Farmers whose land have been earmarked for establishment of the Sh200 billion coal fired power plant in Lamu on Thursday protested over delay in payment of compensation.
They said the delay has attracted grabbers who are eyeing their land.
Led by their spokesperson, Mr Hussein Kombo, the farmers urged the government to speed up the pay-out.
"The delay is worrying. We have waited too long for compensation. Some grabbers are taking advantage of this delay and want to take away our land. We have information that some tycoons are also planning to grab our land. The government should compensate us so that we move on with life," said Mr Kombo.
They said grabbers plan to switch ownership of the land so that they are compensated instead of the genuine owners.
"We don't know what the government will do to ensure only those who really own land here are compensated. They have taken too long and grabbers have seen a chance to enrich themselves. Even as the government plans to pay us, it must find a way to address ghost claimants who are bound to arise," said Kwasasi village elder Joseph Yeri.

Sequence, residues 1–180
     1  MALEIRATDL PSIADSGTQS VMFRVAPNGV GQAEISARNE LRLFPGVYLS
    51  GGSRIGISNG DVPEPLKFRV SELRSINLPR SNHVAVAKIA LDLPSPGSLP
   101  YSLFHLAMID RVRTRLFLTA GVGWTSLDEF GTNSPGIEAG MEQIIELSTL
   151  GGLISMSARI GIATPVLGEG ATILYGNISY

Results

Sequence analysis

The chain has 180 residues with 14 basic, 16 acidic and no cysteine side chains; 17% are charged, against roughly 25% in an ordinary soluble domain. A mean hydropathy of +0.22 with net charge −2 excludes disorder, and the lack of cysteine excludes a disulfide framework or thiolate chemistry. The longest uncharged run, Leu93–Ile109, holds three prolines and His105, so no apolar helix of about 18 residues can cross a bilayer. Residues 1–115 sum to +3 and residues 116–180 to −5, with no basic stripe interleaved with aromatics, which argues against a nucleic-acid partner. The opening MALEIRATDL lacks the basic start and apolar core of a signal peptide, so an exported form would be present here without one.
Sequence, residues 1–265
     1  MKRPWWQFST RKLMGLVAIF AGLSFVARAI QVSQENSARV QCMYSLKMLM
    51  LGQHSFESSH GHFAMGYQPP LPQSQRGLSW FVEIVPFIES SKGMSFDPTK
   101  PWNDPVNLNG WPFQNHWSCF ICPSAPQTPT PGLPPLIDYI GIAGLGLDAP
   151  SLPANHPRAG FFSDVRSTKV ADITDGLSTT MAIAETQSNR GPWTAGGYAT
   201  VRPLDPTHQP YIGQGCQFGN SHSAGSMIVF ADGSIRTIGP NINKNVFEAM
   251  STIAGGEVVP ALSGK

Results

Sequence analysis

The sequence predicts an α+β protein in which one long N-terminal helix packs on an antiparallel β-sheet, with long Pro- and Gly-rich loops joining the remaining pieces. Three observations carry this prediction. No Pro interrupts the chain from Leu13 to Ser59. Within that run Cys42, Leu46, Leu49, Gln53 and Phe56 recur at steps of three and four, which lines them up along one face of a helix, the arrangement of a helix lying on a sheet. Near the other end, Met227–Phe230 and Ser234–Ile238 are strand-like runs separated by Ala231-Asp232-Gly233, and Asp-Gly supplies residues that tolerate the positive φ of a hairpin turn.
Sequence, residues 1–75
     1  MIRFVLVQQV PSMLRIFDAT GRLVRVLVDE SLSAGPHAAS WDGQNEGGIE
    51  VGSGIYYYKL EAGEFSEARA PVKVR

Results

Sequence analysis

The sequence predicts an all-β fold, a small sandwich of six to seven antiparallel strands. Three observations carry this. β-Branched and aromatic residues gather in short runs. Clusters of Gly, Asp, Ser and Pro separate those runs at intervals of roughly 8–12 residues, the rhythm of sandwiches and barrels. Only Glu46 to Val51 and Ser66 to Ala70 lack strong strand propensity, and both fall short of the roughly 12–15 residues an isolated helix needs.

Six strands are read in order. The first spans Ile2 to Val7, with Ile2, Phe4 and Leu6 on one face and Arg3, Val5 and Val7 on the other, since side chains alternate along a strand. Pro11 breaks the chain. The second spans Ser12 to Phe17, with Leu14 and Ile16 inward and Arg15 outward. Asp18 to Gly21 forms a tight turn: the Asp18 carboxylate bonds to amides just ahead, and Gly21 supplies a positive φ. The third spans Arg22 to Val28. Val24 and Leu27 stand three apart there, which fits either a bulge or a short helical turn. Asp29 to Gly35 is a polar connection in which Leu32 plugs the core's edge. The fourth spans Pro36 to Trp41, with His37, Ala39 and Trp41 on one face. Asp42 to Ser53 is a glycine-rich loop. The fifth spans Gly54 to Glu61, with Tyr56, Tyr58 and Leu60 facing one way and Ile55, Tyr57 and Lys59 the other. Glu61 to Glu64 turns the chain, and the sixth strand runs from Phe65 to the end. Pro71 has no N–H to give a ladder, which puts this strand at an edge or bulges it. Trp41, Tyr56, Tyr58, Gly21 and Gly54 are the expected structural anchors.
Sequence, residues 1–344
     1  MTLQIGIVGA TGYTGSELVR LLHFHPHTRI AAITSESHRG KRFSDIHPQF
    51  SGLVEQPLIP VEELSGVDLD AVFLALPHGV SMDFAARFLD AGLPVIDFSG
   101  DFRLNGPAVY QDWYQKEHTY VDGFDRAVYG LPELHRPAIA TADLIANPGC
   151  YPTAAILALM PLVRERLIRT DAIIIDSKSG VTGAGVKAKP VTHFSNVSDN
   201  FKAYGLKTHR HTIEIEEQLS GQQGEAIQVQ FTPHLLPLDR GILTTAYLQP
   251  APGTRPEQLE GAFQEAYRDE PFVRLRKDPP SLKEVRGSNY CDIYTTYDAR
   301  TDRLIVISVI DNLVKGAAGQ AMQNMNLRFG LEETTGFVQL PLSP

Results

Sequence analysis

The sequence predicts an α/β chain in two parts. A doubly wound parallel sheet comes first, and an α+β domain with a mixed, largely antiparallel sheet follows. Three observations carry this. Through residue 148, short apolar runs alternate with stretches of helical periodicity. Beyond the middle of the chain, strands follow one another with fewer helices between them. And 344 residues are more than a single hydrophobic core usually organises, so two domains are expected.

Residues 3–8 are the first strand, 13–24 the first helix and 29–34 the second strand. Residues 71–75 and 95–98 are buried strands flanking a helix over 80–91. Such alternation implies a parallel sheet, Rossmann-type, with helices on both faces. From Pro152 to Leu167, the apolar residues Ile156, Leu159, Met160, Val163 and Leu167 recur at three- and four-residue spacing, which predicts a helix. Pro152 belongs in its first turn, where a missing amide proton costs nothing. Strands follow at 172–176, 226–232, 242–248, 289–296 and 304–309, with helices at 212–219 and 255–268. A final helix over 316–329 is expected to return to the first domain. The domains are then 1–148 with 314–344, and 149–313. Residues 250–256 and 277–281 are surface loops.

Mrs Fatma Hamisi said they fully support the coal plant project as it will be a mega economic investment for Lamu County. She called for speedy establishment of the project, adding that it should employ local youths.
The farmers claimed to have received threats of eviction from grabbers who are claiming ownership of their land.
The Lamu coal plant project is being undertaken by Amu Power Company, a consortium of Gulf Energy and Centum Investments.
Some 975 acres of land have been set aside at Kwasasi area in Hindi Division for the project, which is expected to generate 1,050 megawatts of power upon completion.
The National Lands Commission in 2016 identified 542 genuine land owners who are supposed to be compensated. But despite surveys, identification and verification of owners more than a year ago, not a single farmer has received compensation.